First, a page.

HOWL Colorado

Mexican Grays arrive safely at Wolf Haven International

[large thumbnail url=”mexican-grays-arrive-safely-at-wolf-haven-international” filename=”science” year=”2010″ month=”11″ day=”03″] [thumbnail icon url=”mexican-grays-arrive-safely-at-wolf-haven-international” filename=”science” year=”2010″ month=”11″ day=”03″] Two Mexican Gray wolves arrived at the Wolf Haven International wolf sanctuary, further improving the chances of success with their captive breeding program.

Tenino, WA – Two female Mexican gray wolves, one of the most endangered animals in the world, will arrive at Wolf Haven International on Monday, November 1, 2010. An eight year old female from the El Paso Zoo in Texas, and a five year old from Wild West Nature Park in Albuquerque, New Mexico are scheduled to depart from the municipal airport in Truth or Consequences, New Mexico at 9:30 a.m. They will arrive at the Chehalis-Centralia airport approximately three hours later, (12:30 p.m.) where they will be met by Wolf Haven staff Tami Williams, Interim Executive Director, and Animal Curator Wendy Spencer. The wolves will be transported by LightHawk, the largest and oldest volunteer-based, environmental aviation organization in North America.

One of the Mexican wolves arriving at Wolf Haven will be bred with one of the sanctuary’s resident Mexican gray wolves in the spring, with the hope of producing pups in 2011. Over the past 16 years, Wolf Haven International has produced five litters of Mexican gray pups and released two packs (11 wolves) into the wild. In fact, some of the first Mexican wolves released back into the wild after a 30-year absence came from Wolf Haven International.

These rare wolves are managed under the federally managed Species Survival Plan (SSP) to restore the Mexican gray wolf, which had been completely eradicated from the United States. There are currently 24 radio-collared free-ranging Mexican gray wolves in the U.S. and 238 in captive facilities in the U.S. and Mexico. Wolf Haven International has participated in this program since 1994 and is one of only three pre-release facilities in the United States. Mexican wolves from captive SSP facilities are first sent to a pre-release facility to undergo an acclimation process and be evaluated for future release suitability.

One day after their arrival, Wolf Haven will present a three day Wildlife Handling and Chemical Immobilization course, during which the new arrivals, along with three other Mexican wolves already on-site, will be examined by students and professional staff. This unique course is one of only two in the U.S. that offers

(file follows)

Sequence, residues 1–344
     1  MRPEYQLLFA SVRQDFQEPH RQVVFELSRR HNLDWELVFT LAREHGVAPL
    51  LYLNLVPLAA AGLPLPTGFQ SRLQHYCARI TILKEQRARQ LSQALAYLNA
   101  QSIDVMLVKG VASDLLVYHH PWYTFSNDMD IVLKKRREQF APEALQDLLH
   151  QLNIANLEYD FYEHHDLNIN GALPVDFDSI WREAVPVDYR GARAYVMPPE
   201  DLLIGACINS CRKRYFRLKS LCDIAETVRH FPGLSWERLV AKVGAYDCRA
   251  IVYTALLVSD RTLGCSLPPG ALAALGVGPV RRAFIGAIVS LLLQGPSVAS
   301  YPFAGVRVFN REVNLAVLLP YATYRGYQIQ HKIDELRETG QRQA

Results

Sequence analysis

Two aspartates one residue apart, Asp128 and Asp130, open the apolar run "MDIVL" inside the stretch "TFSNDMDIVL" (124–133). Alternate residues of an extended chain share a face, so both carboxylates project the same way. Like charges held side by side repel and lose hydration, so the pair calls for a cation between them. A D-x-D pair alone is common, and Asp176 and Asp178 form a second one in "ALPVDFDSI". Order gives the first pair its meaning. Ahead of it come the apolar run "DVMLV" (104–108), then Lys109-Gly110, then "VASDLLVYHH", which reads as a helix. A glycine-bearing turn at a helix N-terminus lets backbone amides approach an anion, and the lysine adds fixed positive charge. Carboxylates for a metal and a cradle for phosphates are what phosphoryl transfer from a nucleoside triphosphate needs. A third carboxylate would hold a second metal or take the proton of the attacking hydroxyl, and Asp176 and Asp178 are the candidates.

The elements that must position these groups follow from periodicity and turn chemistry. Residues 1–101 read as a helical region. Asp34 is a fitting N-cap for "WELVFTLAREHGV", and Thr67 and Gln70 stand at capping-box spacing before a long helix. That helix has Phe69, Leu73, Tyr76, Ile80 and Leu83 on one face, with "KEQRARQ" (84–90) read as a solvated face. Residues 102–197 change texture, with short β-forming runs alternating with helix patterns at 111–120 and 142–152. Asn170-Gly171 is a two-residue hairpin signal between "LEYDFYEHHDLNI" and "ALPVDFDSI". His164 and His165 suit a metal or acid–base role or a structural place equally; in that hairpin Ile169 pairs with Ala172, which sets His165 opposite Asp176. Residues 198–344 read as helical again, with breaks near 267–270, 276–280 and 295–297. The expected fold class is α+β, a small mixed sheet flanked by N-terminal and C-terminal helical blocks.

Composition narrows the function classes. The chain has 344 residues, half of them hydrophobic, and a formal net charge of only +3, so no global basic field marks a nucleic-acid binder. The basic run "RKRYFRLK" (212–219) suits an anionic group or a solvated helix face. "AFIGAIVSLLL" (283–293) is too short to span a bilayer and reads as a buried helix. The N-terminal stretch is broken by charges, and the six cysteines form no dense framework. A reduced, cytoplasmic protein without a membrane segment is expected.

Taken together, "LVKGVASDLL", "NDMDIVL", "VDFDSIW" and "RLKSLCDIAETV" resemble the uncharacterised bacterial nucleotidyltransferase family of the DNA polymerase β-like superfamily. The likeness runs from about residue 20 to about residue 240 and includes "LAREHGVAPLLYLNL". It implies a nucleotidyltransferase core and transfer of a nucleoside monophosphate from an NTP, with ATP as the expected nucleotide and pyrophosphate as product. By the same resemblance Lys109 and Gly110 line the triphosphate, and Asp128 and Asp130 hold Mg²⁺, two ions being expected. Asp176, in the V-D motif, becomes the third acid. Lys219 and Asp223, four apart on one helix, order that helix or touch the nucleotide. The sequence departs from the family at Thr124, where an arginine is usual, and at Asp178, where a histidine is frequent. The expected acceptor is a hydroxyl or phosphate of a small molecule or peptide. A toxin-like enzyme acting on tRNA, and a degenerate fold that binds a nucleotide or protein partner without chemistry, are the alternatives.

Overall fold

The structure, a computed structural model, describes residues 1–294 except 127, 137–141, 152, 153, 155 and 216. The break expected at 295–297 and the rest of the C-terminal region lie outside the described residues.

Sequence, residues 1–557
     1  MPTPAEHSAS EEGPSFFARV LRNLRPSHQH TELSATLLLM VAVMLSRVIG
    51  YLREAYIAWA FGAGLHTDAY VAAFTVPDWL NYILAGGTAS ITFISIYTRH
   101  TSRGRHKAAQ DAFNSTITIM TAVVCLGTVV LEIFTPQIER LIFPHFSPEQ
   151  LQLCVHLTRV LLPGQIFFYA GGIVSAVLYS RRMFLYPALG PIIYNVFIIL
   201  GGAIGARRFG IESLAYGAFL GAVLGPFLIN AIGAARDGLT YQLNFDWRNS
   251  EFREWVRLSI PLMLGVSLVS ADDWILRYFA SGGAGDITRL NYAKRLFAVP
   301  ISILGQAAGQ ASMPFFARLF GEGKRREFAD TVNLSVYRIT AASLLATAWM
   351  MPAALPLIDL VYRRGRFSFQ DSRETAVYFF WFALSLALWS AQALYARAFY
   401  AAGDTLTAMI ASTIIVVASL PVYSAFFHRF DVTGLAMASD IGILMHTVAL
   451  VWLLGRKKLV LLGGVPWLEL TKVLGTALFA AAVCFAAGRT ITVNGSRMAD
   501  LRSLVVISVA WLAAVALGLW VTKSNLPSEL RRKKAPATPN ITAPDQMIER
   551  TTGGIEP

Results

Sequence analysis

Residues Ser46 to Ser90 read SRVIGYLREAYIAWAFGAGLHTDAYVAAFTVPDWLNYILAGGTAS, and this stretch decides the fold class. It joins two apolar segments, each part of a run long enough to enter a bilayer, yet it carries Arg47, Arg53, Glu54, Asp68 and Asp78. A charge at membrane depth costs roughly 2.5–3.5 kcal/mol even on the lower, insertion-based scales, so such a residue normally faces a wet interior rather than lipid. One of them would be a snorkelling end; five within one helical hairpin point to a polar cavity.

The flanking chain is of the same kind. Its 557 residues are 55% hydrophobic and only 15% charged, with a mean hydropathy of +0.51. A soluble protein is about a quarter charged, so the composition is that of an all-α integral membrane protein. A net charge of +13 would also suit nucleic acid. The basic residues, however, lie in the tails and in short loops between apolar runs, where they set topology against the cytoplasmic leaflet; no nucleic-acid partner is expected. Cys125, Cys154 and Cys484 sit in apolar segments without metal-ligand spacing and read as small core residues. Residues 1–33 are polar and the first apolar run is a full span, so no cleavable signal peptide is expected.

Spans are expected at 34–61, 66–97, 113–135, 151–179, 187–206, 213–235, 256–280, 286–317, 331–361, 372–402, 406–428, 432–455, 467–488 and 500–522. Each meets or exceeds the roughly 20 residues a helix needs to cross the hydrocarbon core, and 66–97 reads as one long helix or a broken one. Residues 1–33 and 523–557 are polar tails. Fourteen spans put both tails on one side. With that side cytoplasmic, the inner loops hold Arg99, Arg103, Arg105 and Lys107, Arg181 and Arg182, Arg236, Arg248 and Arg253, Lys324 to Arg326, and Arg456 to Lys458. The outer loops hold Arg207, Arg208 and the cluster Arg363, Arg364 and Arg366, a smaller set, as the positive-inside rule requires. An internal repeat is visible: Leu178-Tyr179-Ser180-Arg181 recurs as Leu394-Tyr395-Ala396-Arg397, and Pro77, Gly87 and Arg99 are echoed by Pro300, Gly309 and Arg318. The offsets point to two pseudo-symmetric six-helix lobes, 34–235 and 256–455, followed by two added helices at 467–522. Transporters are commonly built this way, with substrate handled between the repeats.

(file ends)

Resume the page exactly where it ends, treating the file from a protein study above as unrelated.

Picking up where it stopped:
hands-on experience with wolves. The instructor, Dr. Mark Johnson, is the Executive Director of Global Wildlife Resources, Inc. and former veterinarian of Yellowstone National Park. The wolves used for the class must be caught up every year for health exams and vaccines as part of their care under SSP regulations.

The 25 students in the course are from all over the country, and include tribal members, wildlife rehabilitation professionals, veterinarians, biologists, curators, and students and represent facilities such as Cougar Mountain Zoological Park, University of Alberta, Woodland Park Zoo, Grizzly Bear Outreach Project and the U.S. Forest Service.

Read the story of Fern, the El Paso Zoo wolf sent to Wolf Haven International.

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Wolf Haven International is a 501(c) 3 nonprofit that has been working for wolf conservation around the Northwest and throughout the world since 1982. In addition to rescuing and providing sanctuary for captive-born wolves, Wolf Haven offers educational guided walking tours of its wolf sanctuary to the public. Wolf Haven educates over 17,000 visitors each year on the role of the wolf in the wild. Wolf Haven is an active participant in the Species Survival Plan (SSP) for endangered red wolves and Mexican gray wolves. Located in Tenino WA, Wolf Haven also offers off-site presentations to schools, community groups, and professional organizations. Visit www.wolfhaven.org for hours and other information.

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